Cookies on this website
We use cookies to ensure that we give you the best experience on our website. If you click 'Continue' we'll assume that you are happy to receive all cookies and you won't see this message again. Click 'Find out more' for information on how to change your cookie settings.

Glyoxysomes are specialized peroxisomes present in various plant organs such as germinating cotyledons or senescing leaves. They are the site of beta-oxidation and of the glyoxylate cycle. These consecutive pathways are essential to the maintenance of gluconeogenesis initiated by the degradation of reserve or structural lipids. In contrast to mitochondrial beta-oxidation, which is prevalent in animal cells, glyoxysomal beta-oxidation and the glyoxylate cycle have no direct access to the mitochondrial respiratory chain because of the impermeability of the glyoxysomal membrane to the reduced cofactors. The necessity of NAD+ regeneration can conceivably be fulfilled by membrane redox chains and/or by transmembrane shuttles. Experimental evidence based on the active metabolic roles of higher plant glyoxysomes and yeast peroxisomes suggests the coexistence of two mechanisms, namely a reductase/peroxidase membrane redox chain and a malate/aspartate shuttle susceptible to transfer electrons to the mitochondrial ATP generating system. Such a model interconnects beta-oxidation, the glyoxylate cycle, the respiratory chain and gluconeogenesis in such a way that glyoxysomal malate dehydrogenase is an essential and exclusive component of beta-oxidation (NAD+ regeneration). Consequently, the classical view of the glyoxylate cycle is superseded by a tentative reactional scheme deprived of cyclic character.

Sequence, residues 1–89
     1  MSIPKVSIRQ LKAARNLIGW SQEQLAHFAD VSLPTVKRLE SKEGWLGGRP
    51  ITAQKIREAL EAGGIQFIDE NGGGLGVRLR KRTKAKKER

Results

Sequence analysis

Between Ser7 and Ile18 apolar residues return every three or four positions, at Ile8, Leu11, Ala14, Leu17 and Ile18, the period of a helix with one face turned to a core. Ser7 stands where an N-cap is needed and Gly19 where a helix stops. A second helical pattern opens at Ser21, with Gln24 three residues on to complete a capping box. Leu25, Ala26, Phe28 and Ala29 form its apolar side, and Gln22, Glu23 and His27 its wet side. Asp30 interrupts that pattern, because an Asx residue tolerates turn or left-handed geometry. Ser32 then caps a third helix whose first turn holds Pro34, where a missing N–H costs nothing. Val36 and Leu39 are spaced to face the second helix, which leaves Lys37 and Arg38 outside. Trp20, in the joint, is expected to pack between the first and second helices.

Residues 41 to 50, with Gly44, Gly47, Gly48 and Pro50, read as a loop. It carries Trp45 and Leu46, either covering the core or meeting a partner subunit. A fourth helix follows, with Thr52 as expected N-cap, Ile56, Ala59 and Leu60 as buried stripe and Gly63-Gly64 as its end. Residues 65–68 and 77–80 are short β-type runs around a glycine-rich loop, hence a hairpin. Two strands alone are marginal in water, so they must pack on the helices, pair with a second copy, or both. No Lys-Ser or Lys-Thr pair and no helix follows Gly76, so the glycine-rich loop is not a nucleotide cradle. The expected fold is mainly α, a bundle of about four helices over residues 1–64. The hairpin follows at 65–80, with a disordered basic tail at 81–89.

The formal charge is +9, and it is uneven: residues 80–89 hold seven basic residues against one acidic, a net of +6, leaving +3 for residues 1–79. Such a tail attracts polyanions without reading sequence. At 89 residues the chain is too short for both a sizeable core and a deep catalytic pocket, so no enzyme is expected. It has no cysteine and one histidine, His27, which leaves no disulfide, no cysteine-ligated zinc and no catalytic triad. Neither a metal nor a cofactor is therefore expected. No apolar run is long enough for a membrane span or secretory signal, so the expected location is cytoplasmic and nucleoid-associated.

Type

Journal article

Journal

Biological chemistry

Publication Date

08/1997

Volume

378

Pages

803 - 813

Addresses

Institute of Plant Biology and Physiology, University of Lausanne, Switzerland.

Keywords

Plants, Glyoxylates, Gluconeogenesis, Lipid Metabolism, Plant Physiological Phenomena